Bryan Gould writes:
Americans are a funny lot. For them, it seems, celebrity trumps all.
They have elected as President someone whose personal qualities and attitudes would disqualify him, in most democracies, from membership of a school board.
But that is too simple a message.
The Trump victory conveys a wider and deeper message – because Donald Trump got at least one thing right.
When we peel back all the posturing and blustering, designed to shock and claim attention, Trump’s basic message was addressed to those who felt that they had been left behind and ignored by the political establishment.
He pitched himself quite specifically as the anti-establishment candidate.
He attacked in terms – ironically enough, given his own circumstances – the fat cats, big business, and their friends in Washington.
He claimed that he would represent all those who did not have university degrees and high-paid jobs, shares and bonuses, and who did not own their own nice homes.
He said that the globalised economy had looked after the people with those advantages, but had neglected those who were struggling to make ends meet, small businessmen and farmers, those whose jobs had been lost or were under threat, who were poorly paid and housed and paying high rents.
He would address their grievances, he said, by challenging the principles on which the global economy operated, and by ensuring that the interests of working people were placed centre stage.
These sentiments might sound odd to us, coming from the mouth of someone who revelled in his status as a multi-billionaire – and even odder from someone who boasted about not paying tax and who proposed massive tax cuts for the super-wealthy.
But they struck a chord for those lives were microcosms of what the statistics tell us about how the goodies produced by the global economy have been shared out.
That part of his message might have been more naturally expected to come from someone on the left of politics.
But Trump fleshed out his message by playing on the fears and resentments of those who found it easy to identify scapegoats to blame for their woes.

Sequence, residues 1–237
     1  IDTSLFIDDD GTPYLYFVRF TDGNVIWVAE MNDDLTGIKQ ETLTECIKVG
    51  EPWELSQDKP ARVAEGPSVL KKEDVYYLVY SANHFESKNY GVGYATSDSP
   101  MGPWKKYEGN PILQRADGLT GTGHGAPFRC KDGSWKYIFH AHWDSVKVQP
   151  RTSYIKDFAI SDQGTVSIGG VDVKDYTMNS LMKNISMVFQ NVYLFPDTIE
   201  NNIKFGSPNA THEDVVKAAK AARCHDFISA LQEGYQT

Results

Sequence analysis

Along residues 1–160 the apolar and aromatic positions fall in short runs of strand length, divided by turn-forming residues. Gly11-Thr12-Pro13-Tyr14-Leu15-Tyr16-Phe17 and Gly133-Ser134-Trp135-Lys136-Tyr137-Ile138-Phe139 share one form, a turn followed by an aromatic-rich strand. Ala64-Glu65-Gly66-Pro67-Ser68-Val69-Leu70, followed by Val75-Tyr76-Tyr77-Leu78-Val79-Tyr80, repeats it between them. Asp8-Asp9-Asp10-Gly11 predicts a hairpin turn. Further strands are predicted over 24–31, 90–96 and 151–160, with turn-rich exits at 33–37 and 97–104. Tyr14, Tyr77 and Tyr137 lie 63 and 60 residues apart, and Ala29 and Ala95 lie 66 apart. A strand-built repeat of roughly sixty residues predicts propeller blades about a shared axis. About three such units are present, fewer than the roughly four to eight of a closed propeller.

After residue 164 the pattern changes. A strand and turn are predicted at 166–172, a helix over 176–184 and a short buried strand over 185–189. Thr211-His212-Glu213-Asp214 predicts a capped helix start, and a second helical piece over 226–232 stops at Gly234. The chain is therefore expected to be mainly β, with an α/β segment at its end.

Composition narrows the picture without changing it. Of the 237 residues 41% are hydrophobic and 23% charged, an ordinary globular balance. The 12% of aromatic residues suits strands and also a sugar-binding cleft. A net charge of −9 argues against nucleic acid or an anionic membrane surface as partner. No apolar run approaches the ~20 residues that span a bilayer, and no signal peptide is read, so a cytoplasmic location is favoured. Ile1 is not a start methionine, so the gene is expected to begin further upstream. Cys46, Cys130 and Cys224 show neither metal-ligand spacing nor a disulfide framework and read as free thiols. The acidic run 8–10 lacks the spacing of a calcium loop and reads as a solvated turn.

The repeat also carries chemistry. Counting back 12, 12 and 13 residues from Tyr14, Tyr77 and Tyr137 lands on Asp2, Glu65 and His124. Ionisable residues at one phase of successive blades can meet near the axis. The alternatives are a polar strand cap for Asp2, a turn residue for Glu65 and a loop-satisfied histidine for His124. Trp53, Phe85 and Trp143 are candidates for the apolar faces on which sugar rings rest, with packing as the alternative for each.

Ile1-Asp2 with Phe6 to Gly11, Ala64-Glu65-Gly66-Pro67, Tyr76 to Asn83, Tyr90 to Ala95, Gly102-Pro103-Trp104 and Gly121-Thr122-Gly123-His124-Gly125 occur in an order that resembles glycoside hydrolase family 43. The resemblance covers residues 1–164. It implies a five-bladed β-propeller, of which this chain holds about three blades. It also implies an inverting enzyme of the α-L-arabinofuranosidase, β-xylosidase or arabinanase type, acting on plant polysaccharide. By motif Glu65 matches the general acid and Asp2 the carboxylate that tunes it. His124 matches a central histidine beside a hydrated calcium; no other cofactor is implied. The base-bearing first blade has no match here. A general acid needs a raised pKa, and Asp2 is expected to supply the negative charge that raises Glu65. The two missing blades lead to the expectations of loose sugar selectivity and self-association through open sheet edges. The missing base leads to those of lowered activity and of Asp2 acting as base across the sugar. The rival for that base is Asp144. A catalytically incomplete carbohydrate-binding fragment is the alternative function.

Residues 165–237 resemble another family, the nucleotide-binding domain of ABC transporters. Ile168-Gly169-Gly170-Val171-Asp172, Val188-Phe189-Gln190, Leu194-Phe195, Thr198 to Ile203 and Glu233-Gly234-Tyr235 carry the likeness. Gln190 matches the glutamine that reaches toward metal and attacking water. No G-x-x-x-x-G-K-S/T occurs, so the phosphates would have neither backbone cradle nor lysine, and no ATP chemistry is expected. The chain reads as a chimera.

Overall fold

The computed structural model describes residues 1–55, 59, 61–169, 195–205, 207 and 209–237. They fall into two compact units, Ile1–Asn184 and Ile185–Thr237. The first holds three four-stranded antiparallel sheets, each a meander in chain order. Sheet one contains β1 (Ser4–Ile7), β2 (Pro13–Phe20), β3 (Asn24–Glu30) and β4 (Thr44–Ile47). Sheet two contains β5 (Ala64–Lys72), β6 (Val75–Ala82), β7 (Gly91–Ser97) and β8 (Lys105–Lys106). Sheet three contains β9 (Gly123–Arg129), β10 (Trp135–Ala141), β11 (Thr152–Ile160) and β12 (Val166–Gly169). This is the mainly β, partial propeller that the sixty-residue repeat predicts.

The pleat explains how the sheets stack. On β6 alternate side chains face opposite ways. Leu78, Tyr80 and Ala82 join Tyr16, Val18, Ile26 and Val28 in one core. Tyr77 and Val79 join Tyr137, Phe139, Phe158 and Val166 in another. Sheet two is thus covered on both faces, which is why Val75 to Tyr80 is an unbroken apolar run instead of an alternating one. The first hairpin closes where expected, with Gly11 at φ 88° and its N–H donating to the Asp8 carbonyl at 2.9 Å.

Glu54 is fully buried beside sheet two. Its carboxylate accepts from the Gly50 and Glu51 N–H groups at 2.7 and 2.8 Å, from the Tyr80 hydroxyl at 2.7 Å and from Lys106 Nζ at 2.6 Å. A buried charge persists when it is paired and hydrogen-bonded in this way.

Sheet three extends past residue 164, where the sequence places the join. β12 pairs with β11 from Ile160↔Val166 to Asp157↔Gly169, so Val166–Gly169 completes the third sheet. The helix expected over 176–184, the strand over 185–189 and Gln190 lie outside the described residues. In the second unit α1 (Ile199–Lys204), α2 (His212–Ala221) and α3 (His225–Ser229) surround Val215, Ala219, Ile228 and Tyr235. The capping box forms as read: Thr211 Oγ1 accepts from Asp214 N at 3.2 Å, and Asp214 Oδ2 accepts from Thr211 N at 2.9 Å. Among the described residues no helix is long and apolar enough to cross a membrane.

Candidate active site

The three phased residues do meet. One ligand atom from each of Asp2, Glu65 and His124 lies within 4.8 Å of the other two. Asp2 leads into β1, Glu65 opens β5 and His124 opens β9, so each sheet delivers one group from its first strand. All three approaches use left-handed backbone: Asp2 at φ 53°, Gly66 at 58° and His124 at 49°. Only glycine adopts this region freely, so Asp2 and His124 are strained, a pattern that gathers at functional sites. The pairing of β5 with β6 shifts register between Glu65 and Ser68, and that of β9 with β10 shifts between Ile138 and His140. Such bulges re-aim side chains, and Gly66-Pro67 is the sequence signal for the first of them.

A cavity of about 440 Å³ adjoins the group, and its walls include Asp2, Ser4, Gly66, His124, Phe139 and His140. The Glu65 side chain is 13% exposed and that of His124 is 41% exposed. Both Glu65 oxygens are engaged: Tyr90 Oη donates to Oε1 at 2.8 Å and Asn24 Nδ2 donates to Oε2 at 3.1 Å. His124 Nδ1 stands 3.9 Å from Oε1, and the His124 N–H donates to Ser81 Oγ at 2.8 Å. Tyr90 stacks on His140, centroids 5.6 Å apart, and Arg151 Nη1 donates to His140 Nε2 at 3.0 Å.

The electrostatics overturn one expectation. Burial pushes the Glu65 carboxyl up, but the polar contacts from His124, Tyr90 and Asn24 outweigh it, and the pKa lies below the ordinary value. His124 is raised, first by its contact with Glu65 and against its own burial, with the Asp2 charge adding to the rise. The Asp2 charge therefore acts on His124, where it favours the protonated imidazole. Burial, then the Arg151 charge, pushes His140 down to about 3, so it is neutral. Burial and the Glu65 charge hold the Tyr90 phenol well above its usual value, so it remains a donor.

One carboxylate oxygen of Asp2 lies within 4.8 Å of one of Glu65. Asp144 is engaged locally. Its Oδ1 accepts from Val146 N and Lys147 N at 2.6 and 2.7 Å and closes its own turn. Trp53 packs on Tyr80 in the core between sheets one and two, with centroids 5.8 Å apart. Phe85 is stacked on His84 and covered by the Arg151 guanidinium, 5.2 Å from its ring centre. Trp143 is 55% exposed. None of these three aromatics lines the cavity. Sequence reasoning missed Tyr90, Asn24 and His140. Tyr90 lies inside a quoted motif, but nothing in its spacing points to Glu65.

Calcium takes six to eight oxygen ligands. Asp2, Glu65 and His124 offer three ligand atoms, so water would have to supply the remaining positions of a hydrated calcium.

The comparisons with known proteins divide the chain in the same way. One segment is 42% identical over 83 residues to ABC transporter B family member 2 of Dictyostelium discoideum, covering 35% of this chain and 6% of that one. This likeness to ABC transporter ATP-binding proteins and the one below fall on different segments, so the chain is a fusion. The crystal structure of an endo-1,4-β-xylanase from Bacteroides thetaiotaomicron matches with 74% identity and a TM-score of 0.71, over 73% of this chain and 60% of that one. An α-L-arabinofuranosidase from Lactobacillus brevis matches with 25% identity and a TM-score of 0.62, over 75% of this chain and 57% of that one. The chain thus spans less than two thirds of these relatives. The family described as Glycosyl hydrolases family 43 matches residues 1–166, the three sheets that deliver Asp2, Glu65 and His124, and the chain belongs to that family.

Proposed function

He thereby diverted attention from the real causes and was able to exploit that anger by peddling disreputable views on race, gender and sexuality – views that are anathema to most of us and to those on the left in particular.
There are those who have been quick – particularly in Britain – to draw parallels between the Brexit vote and Trump’s triumph.
Those parallels are certainly there – and Trump was keen to identify them in advance – but it is adding insult to injury for those in the media and elsewhere who have refused to listen to the growing dissatisfactions of working people about the way their economy and society are developing to claim now that Brexit and Trump voters have been motivated by racism and other hatreds born of ignorance.
The pro-EU press in Britain, for example, continue to insist that there was no rational basis for the Brexit vote and are able to maintain this stance only because of their own refusal to acknowledge that most Brexit voters were motivated, not by racism, but by perfectly legitimate concerns about the loss of self-government, about a trade deficit that has decimated much of British manufacturing industry, and about a tidal wave of cheap labour from Eastern Europe which has destroyed jobs and wage levels and put great pressure on housing and health services.
It is a similar lofty dismissal of understandable concerns, and uncritical assurance that the current operations of the global economy can be relied on to deliver the best of all possible worlds, that have left the way open for a Donald Trump to manipulate and misdirect – to posture as the saviour of working people while promoting policies that serve the interests of the super-rich, and to use a message of hatred, disrespect and division as his ticket to the White House.
The Trump election is an alarm signal for western democracies across the globe.
If we will not listen, those who are ignored will be equally deaf to claims that democracy is the best guarantor of their interests.
There is a special opportunity and responsibility for parties of the left.
They are the political voices, after all, that claim to have an analysis and a prescription to remedy our current ills.
If they do not have the courage of their convictions, to tell it like it is, to identify the real reasons for the malfunctioning of, and divisions in, our society, and to propose an effective programme of reform, then many voters will feel disenfranchised and will turn to other options.
We would then have to expect a growing dissatisfaction with the democratic system, and a growing number of Trumps taking office.